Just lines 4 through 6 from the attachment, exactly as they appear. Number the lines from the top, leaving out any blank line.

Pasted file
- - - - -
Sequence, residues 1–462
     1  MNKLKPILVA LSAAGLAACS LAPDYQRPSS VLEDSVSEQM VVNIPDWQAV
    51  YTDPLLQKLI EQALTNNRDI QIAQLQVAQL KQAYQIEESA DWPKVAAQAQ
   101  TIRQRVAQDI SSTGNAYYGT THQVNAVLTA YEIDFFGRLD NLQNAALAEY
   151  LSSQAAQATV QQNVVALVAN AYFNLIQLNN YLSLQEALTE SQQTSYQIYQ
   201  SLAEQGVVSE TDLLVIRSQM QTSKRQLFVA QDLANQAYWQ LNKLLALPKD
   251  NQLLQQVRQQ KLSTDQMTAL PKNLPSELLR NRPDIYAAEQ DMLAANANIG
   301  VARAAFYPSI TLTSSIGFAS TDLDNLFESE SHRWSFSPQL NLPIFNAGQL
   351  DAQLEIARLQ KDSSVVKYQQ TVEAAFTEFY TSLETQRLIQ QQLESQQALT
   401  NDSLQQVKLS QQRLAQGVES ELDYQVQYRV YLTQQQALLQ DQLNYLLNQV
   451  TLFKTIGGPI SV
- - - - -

   101  TIRQRVAQDI SSTGNAYYGT THQVNAVLTA YEIDFFGRLD NLQNAALAEY
   151  LSSQAAQATV QQNVVALVAN AYFNLIQLNN YLSLQEALTE SQQTSYQIYQ
   201  SLAEQGVVSE TDLLVIRSQM QTSKRQLFVA QDLANQAYWQ LNKLLALPKD